Origin of public works
Words nearby public works
How to use public works in a sentence
In Pierce County, Washington, public works crews used sand and water trucks to control temperatures on the roads.Five ways the Pacific Northwest heatwave is breaking cities’ infrastructure|Camille Squires|June 30, 2021|Quartz
Before the city made cuts to its public works staffing, those requests took seven working days.Lemon Grove Once Again Facing Bitter Choices Over Its Future|Bella Ross|January 8, 2021|Voice of San Diego
Have you looked around the American Dental Association website for an explanation of how fluoridation actually works?
When cities started adding chlorine to their water supplies, in the early 1900s, it set off public outcry.
Not to be left behind, progressives in neighboring Wisconsin clamored to join the cutting edge of public health.
Just the hard-on before you shoot unarmed members of the public.'Babylon' Review: The Dumb Lives of Trigger-Happy Cops|Melissa Leon|January 9, 2015|DAILY BEAST
They took cover inside a print works to the north east of Paris, where they held a member of staff as a hostage.
As such it is now presented to the public for whatever meed of praise or censure it is found to deserve.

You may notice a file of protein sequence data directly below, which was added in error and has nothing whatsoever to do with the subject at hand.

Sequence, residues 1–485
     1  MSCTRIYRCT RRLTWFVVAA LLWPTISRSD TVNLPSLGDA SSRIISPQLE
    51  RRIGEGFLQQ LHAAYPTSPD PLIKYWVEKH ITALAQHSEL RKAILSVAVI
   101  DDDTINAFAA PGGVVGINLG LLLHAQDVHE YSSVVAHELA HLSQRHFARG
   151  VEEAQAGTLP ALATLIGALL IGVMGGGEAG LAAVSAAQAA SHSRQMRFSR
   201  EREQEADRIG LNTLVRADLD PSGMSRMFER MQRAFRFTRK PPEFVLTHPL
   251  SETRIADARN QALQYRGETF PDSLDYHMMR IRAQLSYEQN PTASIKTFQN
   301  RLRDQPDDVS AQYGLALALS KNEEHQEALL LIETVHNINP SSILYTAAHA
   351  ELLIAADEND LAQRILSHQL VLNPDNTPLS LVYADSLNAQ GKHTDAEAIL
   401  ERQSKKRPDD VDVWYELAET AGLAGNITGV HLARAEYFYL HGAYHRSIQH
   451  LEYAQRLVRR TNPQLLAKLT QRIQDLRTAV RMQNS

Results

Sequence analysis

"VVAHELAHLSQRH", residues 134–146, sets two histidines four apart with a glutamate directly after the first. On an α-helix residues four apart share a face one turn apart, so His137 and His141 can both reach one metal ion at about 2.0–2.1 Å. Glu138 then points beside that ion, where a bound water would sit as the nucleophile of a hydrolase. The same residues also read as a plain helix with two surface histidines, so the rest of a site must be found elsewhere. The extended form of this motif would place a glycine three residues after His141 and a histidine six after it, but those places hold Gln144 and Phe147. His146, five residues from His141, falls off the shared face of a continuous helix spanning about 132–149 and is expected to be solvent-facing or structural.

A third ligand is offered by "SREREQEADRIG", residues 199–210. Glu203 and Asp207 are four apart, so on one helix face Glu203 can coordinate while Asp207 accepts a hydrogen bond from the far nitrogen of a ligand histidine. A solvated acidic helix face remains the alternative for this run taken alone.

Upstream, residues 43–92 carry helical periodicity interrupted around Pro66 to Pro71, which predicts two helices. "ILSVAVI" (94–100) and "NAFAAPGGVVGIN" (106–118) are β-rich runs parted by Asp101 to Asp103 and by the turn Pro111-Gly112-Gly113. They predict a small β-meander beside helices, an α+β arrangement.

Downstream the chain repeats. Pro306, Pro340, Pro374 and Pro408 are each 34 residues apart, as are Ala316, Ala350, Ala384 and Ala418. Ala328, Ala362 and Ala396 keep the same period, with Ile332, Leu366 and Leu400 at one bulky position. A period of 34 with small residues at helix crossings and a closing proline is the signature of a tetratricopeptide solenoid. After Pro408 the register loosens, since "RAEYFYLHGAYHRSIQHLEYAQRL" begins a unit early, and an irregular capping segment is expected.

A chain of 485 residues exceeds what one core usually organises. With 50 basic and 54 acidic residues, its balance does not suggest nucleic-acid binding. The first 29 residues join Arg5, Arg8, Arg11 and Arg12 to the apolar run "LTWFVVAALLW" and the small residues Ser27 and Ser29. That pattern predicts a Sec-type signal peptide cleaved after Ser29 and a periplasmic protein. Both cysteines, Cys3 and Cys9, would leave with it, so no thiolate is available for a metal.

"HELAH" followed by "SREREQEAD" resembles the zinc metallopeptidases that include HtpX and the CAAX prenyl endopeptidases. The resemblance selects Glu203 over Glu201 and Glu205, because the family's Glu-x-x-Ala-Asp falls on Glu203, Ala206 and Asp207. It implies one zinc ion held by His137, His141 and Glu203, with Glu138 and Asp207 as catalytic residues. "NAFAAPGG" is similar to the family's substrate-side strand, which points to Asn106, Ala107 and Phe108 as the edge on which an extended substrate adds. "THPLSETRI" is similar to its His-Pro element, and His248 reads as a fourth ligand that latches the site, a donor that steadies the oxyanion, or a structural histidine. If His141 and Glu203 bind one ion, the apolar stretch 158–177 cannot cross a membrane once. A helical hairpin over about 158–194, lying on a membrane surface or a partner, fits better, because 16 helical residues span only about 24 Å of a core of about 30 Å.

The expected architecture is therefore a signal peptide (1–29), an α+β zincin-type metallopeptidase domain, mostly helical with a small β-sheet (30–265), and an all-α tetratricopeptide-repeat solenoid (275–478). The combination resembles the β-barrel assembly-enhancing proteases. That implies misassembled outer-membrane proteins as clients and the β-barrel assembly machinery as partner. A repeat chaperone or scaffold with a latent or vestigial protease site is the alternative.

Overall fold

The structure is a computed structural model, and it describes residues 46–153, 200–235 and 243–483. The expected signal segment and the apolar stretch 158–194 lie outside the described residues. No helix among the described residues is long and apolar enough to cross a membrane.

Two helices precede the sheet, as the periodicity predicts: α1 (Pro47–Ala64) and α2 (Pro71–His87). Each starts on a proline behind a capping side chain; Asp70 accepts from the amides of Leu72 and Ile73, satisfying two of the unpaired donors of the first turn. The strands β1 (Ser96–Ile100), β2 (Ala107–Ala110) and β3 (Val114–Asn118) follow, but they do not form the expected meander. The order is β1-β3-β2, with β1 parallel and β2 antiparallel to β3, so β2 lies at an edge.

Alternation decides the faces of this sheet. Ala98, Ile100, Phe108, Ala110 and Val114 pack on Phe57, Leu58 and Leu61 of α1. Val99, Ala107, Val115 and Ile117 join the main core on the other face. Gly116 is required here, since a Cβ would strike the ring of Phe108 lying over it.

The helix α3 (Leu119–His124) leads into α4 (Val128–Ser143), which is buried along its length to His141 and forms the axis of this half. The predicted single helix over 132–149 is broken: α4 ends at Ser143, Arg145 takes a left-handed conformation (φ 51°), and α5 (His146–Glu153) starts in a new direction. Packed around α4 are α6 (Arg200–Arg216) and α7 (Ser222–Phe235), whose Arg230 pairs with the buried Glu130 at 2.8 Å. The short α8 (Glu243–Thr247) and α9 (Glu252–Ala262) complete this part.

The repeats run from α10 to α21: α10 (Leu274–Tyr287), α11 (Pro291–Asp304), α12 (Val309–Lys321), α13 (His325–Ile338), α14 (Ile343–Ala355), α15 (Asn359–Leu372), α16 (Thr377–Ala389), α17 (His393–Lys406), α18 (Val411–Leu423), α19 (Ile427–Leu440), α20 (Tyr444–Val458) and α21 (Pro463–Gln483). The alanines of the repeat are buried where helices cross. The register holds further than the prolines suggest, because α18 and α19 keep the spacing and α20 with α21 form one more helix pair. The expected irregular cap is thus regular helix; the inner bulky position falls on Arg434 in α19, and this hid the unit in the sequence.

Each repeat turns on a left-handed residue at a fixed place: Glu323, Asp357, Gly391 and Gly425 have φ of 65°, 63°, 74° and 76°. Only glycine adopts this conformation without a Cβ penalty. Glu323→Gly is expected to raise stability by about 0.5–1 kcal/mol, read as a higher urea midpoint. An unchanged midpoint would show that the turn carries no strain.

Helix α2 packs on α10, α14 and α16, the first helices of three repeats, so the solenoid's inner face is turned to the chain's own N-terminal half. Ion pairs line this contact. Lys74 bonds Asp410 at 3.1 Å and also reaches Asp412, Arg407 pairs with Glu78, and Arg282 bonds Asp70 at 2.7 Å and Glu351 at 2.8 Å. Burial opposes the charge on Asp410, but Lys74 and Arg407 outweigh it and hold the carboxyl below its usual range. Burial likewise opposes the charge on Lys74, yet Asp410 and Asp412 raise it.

Five of the number had studied with Liszt before, and the young men are artists already before the public.Music-Study in Germany|Amy Fay
Many of these have been seen in the Corcoran Art Gallery and in other public exhibitions.Women in the fine arts, from the Seventh Century B.C. to the Twentieth Century A.D.|Clara Erskine Clement
Adequate conception of the extent, the variety, the excellence of the works of Art here heaped together is impossible.Glances at Europe|Horace Greeley
It was close upon twelve o'clock, and the "Rooms" had been open to the public for two hours.Rosemary in Search of a Father|C. N. Williamson
British Dictionary definitions for public works
Cultural definitions for public works
Public facilities and improvements financed by the government for the public good. Public works include hospitals, bridges, highways, and dams. These projects may be funded by local, state, or federal appropriations. (See also pork-barrel legislation.)